While most of the controversy surrounding the kerfuffle between Michael Arrington and Soledad O’Brien has died down, the issues remain salient. And the recent airing of CNN’s latest “Black In America” documentary, focused on Black Silicon Valley entrepreneurs, might bring it back up.

So quick, let’s get in some meaningful conversation before it heats up again into another Internet flame war.

I’m speaking, of course, about the maelstrom stirred up by a promotional clip released in advance, a controversy covered by UrbanFaith’s own Christine A. Scheller. In the clip, Michael Arrington, former head of TechCrunch, admits to host Soledad O’Brien that he doesn’t know any Black tech entrepreneurs. Later, Arrington and his supporters decried this as a setup and accused O’Brien of “gotcha” journalism. Meanwhile, Black folks across the blogosphere and the Twitterverse, many of whom have been lamenting the dearth of diversity in Silicon Valley for years, see this as just another example of a White dude who doesn’t get it.

I’m generalizing, of course. Many people have weighed in with a variety of perspectives. But most of the responses seem to fall on a continuum of responses in favor of either O’Brien or Arrington, as if one’s credibility as a member of either the African American community or the creative tech community depends on attacking one and defending the other.

And most of us, especially those with backgrounds in creative technology who identify as Black, know that’s not true. We know that it’s not about taking sides. And we don’t like to throw around the R-word. We just want to see people understand the underlying issues. We’re on the side of people who get it.

Round One to O’Brien

Which is why, if I had to pick a side, I’m starting off with Soledad O’Brien, and not just because she was gracious enough to give UrbanFaith an interview. The facts are the facts. Michael Arrington DID say that he didn’t know any Black entrepreneurs, he said it on-camera, and as far as we know he wasn’t under the influence of any mind-altering nano-robots. Arrington’s protests of an ambush were quickly rebutted by O’Brien herself on her CNN blog.

So round one went to O’Brien, for sure.

But before we use Arrington’s ill-timed words to judge Silicon Valley for its sins, we also have to remember who’s doing the talking. Michael Arrington has always been something of a loose cannon. There’s a reason why he’s no longer at TechCrunch. Michael Arrington can no more speak for all of Silicon Valley than Metta World Peace can speak for the whole NBA. His viewpoint is just that, his viewpoint.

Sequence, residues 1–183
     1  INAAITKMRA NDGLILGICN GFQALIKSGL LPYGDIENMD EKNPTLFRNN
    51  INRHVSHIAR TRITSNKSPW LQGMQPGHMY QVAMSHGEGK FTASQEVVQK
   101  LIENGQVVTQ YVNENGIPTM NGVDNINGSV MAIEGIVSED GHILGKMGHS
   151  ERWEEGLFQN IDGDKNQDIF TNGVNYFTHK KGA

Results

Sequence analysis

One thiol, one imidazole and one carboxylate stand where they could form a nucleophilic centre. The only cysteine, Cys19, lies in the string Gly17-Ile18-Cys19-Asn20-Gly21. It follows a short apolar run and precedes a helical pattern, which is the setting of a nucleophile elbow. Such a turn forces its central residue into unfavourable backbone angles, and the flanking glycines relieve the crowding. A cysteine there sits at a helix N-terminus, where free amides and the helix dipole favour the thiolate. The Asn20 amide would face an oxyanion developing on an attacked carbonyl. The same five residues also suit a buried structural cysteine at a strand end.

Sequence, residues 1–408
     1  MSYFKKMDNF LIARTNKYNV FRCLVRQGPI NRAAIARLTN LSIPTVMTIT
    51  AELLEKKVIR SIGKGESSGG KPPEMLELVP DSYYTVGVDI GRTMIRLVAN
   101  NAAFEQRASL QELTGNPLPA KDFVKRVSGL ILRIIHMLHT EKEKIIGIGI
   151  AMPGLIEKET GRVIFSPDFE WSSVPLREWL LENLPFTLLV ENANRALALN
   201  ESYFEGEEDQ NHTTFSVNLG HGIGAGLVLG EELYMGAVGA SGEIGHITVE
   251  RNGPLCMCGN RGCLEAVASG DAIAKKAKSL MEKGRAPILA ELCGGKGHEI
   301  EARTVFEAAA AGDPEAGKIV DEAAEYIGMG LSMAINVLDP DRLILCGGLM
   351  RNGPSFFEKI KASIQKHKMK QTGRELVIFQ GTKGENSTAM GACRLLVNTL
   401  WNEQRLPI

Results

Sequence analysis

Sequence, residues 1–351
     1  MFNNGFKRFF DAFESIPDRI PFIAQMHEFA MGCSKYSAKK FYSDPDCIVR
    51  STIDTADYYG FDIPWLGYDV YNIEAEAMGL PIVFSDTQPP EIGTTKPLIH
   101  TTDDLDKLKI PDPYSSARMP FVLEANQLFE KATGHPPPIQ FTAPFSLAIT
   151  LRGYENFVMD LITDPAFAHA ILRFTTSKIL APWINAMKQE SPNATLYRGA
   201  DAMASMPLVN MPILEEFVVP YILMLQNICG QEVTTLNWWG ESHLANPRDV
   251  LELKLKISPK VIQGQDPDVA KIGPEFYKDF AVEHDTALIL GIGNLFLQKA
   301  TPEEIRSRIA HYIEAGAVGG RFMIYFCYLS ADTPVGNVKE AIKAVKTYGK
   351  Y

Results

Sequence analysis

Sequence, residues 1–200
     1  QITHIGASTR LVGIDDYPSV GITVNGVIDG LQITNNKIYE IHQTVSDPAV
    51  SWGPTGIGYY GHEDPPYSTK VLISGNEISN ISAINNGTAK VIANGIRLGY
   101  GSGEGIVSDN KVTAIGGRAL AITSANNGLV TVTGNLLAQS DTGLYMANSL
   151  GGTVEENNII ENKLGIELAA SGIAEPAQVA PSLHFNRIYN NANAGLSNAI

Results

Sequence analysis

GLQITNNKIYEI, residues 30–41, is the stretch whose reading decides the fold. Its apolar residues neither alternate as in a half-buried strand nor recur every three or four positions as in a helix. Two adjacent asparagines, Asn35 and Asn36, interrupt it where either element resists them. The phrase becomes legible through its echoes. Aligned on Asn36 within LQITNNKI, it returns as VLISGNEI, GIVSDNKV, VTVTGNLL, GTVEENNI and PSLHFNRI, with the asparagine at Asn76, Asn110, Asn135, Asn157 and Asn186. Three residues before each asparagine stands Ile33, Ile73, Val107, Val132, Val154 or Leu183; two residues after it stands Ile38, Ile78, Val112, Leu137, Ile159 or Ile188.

And in defense of his viewpoint, I will say that there are several things that he said right. When he said that he doesn’t think of people that way (meaning as members of racial groups), he was being very candid and forthright. And when he speaks of the tech ecosystem of entrepreneurs, coders, marketers and venture capitalists as being a meritocracy, where what matters most is the strength of your ideas and the amount of innovation you bring into your particular field, there is a lot of truth to that. The consumer tech market is certainly a meritocracy, because consumers don’t care what a product’s creator looks like, as long as it meets their needs and fits their price range.

In the same way, as African American entrepreneur Stephan Adams tells O’Brien in the video clip below, investors will quickly forget about race if you present them with an idea that they believe will make them a lot of money.

In this sense, Michael Arrington was mostly right — and so was Herman Cain. Racism isn’t always the thing that holds people back.

Bias in the Making

But as Hank Williams pointed out in his tech blog, Arrington and others in his position miss critical nuances with that argument. The market itself may be a meritocracy, but the market makers — the venture capitalists, the hiring managers, the relational gatekeepers, the journalists and their editors — all the people who help shape the public perception of who is or isn’t an innovator, of who’s hot and who’s not, of who’s on the cutting edge and who’s lagging behind, and most importantly, whose ideas are worth investing in and whose aren’t … these roles are filled by human beings with specific cultural biases.